iPad & Tablet Devices

A tablet is a mobile computer, larger than a mobile phone, with a flat touchscreen. Operations are performed by touching the screen rather than using a physical keyboard. The main source of software for these devices is through online distribution, rather than boxed software sold directly from software vendors. This software, known as “apps” (applications), is sold by “app stores.”

In April 2010 Apple Inc. released the iPad, which rapidly became the “king” of tablets and has shaped the market for tablets since. The majority of other tablets run on Google’s Android operating system or Microsoft’s Windows software.

E-book readers generally use e-ink technology on high-contrast black-and-white displays which many readers find to be easier on the eyes for long reading sessions. Screen sizes of 5 to 10 inches, free 3G e-book store access, and prices under $200. are typical for e-readers such as Amazon Kindle and Barnes & Noble Nook. A new category of  inexpensive Android tablets being marketed as e-book readers include some or all of the functions of a traditional e-book reader, but can be used for other activities, such as Web browsing, e-mail, and video playback.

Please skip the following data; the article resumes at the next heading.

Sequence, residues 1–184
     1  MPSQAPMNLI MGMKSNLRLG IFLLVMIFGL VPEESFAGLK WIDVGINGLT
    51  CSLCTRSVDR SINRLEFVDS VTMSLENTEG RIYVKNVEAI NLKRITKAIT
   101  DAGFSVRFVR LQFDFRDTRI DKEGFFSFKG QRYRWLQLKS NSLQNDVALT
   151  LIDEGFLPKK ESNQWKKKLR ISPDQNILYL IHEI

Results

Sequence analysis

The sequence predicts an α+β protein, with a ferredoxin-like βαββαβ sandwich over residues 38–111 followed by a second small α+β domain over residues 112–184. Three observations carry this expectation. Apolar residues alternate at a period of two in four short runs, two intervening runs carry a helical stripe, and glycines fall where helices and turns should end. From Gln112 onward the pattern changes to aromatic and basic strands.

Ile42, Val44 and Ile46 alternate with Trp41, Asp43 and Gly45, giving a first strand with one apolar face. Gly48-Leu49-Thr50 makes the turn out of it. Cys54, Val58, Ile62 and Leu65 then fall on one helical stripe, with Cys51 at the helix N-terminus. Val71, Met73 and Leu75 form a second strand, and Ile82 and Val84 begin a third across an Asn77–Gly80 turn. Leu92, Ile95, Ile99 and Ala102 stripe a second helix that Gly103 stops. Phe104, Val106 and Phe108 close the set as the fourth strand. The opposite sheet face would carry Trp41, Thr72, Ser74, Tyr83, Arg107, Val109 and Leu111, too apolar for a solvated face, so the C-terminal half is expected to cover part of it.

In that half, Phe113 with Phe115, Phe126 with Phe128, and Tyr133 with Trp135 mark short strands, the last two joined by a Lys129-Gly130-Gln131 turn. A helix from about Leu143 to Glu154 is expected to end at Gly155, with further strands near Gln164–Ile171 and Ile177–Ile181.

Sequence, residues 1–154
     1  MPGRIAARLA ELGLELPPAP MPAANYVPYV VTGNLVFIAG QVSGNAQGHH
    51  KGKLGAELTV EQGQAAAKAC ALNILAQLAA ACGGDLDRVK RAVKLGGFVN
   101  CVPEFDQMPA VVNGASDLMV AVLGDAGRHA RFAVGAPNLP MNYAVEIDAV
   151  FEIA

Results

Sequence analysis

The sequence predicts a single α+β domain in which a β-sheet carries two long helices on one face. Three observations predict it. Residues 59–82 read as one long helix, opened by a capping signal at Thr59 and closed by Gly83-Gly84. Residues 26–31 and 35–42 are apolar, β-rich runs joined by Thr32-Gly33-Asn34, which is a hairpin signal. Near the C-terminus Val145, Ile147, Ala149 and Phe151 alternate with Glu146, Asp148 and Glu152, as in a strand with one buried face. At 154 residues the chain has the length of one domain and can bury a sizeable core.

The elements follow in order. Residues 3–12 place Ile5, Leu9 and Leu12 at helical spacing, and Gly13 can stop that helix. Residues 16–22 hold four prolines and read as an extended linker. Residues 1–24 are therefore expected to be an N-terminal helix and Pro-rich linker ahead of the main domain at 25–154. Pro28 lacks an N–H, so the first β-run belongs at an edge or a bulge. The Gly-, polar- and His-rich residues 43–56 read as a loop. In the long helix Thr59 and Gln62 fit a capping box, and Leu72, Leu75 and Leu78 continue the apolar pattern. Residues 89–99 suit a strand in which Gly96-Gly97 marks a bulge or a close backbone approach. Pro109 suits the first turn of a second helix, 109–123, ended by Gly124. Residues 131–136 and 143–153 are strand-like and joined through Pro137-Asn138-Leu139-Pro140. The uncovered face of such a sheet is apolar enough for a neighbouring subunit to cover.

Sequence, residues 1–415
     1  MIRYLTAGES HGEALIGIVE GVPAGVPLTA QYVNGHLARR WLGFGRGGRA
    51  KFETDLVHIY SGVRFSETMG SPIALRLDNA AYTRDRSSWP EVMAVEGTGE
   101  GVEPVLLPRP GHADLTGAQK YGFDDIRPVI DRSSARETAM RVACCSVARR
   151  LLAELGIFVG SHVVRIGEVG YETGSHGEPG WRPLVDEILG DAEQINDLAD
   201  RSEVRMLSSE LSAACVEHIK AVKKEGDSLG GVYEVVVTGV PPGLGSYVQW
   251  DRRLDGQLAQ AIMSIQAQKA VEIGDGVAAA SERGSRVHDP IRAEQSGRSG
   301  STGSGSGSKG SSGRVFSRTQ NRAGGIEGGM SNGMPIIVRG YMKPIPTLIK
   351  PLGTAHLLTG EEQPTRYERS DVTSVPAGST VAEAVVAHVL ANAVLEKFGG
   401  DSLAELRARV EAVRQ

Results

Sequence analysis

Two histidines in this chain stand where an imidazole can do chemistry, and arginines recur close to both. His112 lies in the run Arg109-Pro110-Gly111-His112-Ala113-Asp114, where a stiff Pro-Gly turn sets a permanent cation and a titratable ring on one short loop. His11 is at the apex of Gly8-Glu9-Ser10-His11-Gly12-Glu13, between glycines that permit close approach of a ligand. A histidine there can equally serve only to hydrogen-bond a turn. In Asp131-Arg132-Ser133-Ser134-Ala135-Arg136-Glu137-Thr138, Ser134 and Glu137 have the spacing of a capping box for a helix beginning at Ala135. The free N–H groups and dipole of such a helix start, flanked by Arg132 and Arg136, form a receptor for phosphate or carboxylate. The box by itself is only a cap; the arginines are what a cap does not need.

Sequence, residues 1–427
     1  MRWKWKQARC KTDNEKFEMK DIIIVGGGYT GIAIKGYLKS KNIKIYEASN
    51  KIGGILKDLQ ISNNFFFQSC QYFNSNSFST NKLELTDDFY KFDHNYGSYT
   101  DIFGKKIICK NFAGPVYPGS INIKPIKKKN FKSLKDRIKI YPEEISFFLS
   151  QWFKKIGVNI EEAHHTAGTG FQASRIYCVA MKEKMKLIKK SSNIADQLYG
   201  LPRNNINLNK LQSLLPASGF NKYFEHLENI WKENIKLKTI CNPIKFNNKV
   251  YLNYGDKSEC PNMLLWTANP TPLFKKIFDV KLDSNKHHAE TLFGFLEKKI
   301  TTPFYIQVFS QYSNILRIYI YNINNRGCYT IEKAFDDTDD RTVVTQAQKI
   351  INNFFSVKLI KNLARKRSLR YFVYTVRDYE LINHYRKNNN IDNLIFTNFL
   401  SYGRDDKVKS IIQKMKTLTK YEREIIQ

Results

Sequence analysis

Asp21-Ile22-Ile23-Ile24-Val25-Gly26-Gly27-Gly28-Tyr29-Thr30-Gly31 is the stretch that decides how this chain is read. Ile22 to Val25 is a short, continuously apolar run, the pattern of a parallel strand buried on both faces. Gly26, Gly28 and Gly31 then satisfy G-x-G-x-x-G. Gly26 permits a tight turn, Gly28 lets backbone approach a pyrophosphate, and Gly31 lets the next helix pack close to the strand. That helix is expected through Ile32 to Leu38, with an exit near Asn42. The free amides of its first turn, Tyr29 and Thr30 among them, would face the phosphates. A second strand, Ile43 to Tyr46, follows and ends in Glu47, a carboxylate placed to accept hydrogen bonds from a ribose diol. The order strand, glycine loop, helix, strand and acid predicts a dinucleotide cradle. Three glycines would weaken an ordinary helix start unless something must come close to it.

CIT provides one-on-one training, group workshops, and training designed to meet specific needs of different departments to help faculty and staff integrate technology into their teaching and working environments. For training on iPad and tablets, please contact Tim Lord, iPad Trainer, at 572-8130 or tlord3288@westfield.ma.edu.

CIT also hosts periodic meetings for an iPad User group, for more information please go to the CIT CALENDAR on the right sidebar of this page.



Additional Resources:

I Education Apps Review

how stuff works – iPad vs Android tablets

Doceri – control your presentation with your iPad

Splashtop – access your computer from another device

Educause – 7 Things you should know about iPads for education